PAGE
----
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Badger Clark: Cowboy Poet 

Dakota Wesleyan University Archives

This article is from the October 2023 edition of SDPB Magazine. See past issues HERE.

A Cowboy's Prayer
(Written for Mother)

Oh Lord, I've never lived where churches
I love creation better as it stood
That day You finished it so long ago
And looked upon Your work and called it
I know that others find You in the light
That's sifted down through tinted window
And yet I seem to feel You near tonight
In this dim, quiet starlight on the plains.

I thank You, Lord, that I am placed so well,
That You have made my freedom so com-
That I'm no slave of whistle, clock or bell,
Nor weak-eyed prisoner of wall and street.
Just let me live my life as I've begun
And give me work that's open to the sky;
Make me a pardner of the wind and sun,
And I won't ask a life that's soft or high.

Let me be easy on the man that's down;
Let me be square and generous with all.
I'm careless sometimes, Lord, when I'm in

But never let 'em say I'm mean or small!
Make me as big and open as the plains,
As honest as the hawse between my knees,
Clean as the wind that blows behind the rains,
Free as the hawk that circles down the

Forgive me, Lord, if sometimes I forget.
You know about the reasons that are hid.
You understand the things that gall and fret;
You know me better than my mother did.
Just keep an eye on all that's done and said
And right me, sometimes, when I turn
And guide me on the long, dim, trail ahead
That stretches upward toward the Great

A Cowboy's Prayer; you might have heard it at the rodeo, a wedding, or perhaps even a funeral. For ages, cowboys and those of similar lifestyles have found comfort and familiarity in the words of this poem. Maybe even more significant than the poem itself is the man behind it, Badger Clark. Born Charles Badger Clark Junior on January 1st, 1883, this writer of nature started his profession while simply working as a ranch hand. His time in solitude was spent in observation and consideration, and what began as a poem to his stepmother became one of the best-known cowboy poems in history.

Throughout his lifetime, Badger wrote books of poetry and inspired others with his way of living. A man of simple means paved the way for arts in our state and nation. This October, we will air an hour-long documentary that will tell the story of his life. To introduce the feature, we talked with Brad Dumke, producer of Badger Clark: Poet Among The Pines. Brad owns 1856 Media, a production company based in Sioux Falls specializing in films and video for businesses.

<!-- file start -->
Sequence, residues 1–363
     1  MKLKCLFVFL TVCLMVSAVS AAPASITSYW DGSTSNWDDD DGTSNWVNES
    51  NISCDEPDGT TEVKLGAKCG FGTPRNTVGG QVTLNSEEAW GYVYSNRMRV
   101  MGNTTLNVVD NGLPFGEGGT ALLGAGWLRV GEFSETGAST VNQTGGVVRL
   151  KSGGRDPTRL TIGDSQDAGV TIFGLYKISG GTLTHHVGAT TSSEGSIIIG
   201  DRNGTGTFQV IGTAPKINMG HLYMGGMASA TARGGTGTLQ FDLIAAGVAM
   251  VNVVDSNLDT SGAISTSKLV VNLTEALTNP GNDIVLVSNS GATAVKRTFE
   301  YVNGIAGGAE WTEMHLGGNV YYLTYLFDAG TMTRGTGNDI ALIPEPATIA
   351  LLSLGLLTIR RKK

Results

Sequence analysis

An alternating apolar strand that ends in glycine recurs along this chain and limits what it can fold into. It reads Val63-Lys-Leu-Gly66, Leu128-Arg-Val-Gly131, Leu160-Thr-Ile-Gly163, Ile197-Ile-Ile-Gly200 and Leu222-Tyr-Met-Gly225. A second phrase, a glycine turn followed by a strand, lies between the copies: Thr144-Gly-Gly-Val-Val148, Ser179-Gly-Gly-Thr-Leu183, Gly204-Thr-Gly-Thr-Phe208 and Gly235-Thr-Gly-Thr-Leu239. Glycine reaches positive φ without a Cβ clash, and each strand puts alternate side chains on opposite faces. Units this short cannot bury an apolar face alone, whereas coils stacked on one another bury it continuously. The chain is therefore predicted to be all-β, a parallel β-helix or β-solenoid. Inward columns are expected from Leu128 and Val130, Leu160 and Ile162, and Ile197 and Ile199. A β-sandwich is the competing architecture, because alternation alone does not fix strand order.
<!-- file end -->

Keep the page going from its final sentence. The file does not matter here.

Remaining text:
"When you have a compelling character like Badger Clark," says Brad, "it was easy for me to dive into it because he was so interesting. There were two different sides of him. There was the one who wanted to be left alone and live alone, and then there was another side who just absolutely adored the public, especially kids. I think the folks who met him found him really dynamic and just wanted to be around him. In a world of distractions that we live in right now, it's important that you do take time out of your day to put away the phone and just be able to connect with what your true self is. That's what he did. He was able to control any distractions around him and think about what was important to him, write it down, and share it with the public. That's probably the most important lesson with him, is to be able to find your true authentic self by being alone with your thoughts."

South Dakota State Historical Society Foundation

Badger is South Dakota's first poet laureate and was the genesis of this genre. While some may not have thought cowboy literature so profound, Badger's writings united a state of familiar feeling with his words and character. Brad expands on this.

"He invented the genre. He invented cowboy poetry. Now, were there cowboy poets ahead of him before him? I'm sure there were, but none could write like him, and none of them put their thoughts to paper like he did and got published. The folks that go to these poet conventions, especially cowboy poetry conventions, have been influenced by Badger Clark. They model their poetry after him. That's the most prominent influence he had in the state."

After diving into the life of Badger, Brad shares how those who want to learn more about him can get a personal insight into the man he was.

"One of the best ways for people to connect with Badger Clark is to visit his cabin at Custer State Park. It's available during the spring, summer, and fall. His home has been preserved perfectly, as he had left it when he passed away in the fifties. The best way to learn about Badger is to just to be where he was, follow his footsteps, and think about what's most important to you. Even sitting on his porch and maybe closing your eyes to connect with nature."

For an inside look at the life of Badger Clark, watch Badger Clark: Poet Among The Pines on Thursday, October 5th at 8pm Central (7 MT). Additionally, SDPB is partnering with Custer State Park to host a Badger Clark Day on October 14th. Mark your calendars for activities and artifacts at the Visitor Center and Badger Hole. We hope you will take advantage of the opportunity to learn how a single man paved the way for art and literature in our state.